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DTI to closely monitor price and quality of school supplies
Tuesday, April 12, 2011
As the school year closes, the Department of Trade and Industry (DTI) once again sets off its campaign to keep a close watch on the price and quality of school supplies in the market.
Trade Secretary Gregory L. Domingo states, “The start of summer school break prompts the Department to prepare for the upcoming peak sale season of school supplies in order to avert unfair trade practices of jacking up prices with the surge in demand of said goods and proliferation of substandard and unsafe school supplies.”
“DTI is set to meet with the manufacturers, importers and retailers of school supplies to assure quality, reasonable price and sufficient supply of school materials for the coming school year. It will look into the prices of raw materials such as paper to assess the prevailing retail prices of notebook, school pads and other school materials,” reports Secretary Domingo.
Consumer Welfare Undersecretary Zenaida Maglaya adds, “DTI will also step up its monitoring activities for school supplies not only to check on the prices but also to ensure compliance of manufacturers and importers with specific quality standards and labeling requirements.”
There are existing Philippine National Standards (PNS) for school supplies and paper products such as crayons, pencils, erasers, ball point pens, marker pens, notebook, pad paper, etc., that specify the classification, physical and chemical properties, performance and labeling of a product. For instance, crayons should be classified as regular or jumbo, should not easily break or bend on certain pressure and temperature, and should be labeled as “non-toxic” to signify that its chemical contents meet the allowed toxicity level of the standard.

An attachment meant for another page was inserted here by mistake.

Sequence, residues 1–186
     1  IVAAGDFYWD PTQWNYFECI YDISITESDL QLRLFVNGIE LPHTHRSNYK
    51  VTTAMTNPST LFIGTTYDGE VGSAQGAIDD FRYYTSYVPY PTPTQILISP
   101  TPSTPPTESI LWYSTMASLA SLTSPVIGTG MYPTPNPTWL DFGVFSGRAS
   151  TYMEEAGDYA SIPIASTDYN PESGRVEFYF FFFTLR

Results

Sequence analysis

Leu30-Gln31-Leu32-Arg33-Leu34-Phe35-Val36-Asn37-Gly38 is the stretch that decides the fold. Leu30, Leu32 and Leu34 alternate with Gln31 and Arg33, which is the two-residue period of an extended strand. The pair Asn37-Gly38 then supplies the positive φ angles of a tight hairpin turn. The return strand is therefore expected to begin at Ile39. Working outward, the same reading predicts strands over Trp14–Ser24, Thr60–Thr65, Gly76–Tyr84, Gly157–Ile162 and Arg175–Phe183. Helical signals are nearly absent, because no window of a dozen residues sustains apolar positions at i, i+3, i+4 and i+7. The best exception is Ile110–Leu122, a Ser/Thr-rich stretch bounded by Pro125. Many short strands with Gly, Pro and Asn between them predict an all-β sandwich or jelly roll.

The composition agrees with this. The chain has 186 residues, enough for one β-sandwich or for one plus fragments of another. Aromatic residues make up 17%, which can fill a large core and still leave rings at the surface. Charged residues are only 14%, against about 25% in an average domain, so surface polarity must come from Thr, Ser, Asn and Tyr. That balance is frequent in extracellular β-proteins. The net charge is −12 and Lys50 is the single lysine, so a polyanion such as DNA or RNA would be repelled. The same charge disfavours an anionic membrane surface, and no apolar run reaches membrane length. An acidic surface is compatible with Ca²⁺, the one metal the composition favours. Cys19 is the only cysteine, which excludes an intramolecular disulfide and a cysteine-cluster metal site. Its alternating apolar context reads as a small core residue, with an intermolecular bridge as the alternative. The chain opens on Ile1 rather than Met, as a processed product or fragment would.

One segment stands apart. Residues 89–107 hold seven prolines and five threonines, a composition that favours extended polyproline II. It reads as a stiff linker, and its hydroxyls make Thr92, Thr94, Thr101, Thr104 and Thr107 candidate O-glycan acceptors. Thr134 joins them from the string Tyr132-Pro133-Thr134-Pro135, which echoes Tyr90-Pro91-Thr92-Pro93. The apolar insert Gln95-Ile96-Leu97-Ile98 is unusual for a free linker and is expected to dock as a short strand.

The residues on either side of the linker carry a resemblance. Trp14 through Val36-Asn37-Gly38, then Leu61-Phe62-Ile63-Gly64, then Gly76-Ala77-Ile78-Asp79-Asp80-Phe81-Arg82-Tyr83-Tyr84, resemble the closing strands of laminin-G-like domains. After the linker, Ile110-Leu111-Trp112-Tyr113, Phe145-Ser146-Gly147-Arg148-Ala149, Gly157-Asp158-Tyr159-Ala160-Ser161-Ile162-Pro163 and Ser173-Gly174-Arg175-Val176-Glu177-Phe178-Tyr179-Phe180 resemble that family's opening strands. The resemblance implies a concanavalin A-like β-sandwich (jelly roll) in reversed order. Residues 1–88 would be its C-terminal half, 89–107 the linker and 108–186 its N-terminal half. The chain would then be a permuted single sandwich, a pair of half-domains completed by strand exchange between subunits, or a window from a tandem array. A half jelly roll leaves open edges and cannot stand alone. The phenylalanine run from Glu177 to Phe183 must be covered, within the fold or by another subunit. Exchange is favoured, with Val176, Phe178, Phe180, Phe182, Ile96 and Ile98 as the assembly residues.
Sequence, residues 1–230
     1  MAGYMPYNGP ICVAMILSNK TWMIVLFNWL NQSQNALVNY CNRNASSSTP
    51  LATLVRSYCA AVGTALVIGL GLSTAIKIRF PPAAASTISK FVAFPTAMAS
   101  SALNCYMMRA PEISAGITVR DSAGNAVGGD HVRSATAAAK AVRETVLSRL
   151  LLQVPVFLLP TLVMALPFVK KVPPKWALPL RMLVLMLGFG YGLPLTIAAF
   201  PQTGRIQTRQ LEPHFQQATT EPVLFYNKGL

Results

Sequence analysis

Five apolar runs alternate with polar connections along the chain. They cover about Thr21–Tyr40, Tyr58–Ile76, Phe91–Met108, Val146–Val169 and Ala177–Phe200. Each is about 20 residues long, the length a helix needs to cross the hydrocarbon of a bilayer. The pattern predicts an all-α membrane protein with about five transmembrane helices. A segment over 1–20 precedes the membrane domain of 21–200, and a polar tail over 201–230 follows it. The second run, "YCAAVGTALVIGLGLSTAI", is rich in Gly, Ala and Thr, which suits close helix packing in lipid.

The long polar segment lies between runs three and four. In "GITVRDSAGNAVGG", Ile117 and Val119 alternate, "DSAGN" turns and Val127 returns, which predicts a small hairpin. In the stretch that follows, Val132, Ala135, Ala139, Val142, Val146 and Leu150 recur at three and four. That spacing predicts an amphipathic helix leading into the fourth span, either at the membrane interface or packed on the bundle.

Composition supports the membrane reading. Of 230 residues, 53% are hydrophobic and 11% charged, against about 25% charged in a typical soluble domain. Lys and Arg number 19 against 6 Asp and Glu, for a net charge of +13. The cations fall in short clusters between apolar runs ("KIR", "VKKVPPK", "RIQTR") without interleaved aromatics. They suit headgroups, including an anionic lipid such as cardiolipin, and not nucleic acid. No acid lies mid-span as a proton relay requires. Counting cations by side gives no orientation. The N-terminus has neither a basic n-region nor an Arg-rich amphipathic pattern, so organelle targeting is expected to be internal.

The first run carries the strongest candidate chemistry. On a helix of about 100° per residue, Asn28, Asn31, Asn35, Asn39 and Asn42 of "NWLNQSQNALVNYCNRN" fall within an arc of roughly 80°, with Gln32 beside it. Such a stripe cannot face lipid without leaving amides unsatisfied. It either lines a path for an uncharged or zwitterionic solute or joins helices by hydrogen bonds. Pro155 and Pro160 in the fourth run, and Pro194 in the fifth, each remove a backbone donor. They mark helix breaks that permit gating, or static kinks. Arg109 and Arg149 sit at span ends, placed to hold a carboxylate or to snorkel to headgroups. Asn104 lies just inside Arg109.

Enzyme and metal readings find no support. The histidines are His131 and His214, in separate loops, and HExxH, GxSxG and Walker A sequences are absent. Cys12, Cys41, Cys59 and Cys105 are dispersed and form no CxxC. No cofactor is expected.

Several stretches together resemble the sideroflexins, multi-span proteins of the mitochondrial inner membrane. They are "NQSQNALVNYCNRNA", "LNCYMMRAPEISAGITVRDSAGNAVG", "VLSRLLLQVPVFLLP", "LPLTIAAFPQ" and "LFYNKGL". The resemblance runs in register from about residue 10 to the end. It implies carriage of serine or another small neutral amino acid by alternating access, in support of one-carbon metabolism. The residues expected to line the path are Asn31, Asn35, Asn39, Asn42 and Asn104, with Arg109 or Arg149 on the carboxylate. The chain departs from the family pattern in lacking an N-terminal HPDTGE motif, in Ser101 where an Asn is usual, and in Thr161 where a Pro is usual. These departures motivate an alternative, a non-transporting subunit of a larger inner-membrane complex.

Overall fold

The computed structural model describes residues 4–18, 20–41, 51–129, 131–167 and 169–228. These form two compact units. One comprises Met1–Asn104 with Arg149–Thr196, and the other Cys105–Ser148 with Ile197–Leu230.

Product labels are important to guide consumers in choosing affordable, safe and reliable school supplies that is worth their money. Required markings include name and address of manufacturer, trade or brand name, type or size, country of manufacture, quantity, toxicity warning and instruction for use. Other specific markings are grammage and number of leaves for notebooks and school pads, hardness symbol for lead pencils, and tip classification for ball point pens.
Non-conformance of manufacturers, importers and retailers to the standard and labeling requirements is a violation of the Republic Act 7394 or Consumer Act of the Philippines and the Standards Law. Those found not complying with the said standards shall face administrative charges, which includes a maximum fine of P300,000 per violation.
Usec. Maglaya stresses “Once again, DTI reminds parents to not only look for affordable school supplies but also to carefully check the labels of school supplies they purchase so as to ensure safe and reliable products for the welfare of their children.”
“We are closely coordinating with the industry to ensure adequate supply, stable price and quality and safe school supplies for the coming academic year. DTI will also heighten its monitoring activities in the coming months to keep watch of the price and quality of school supplies sold in public markets, supermarket, bookstores, and department stores,” underscores Usec. Maglaya.
Consumers can report or file a complaint against substandard products through DTI Direct 751.3330.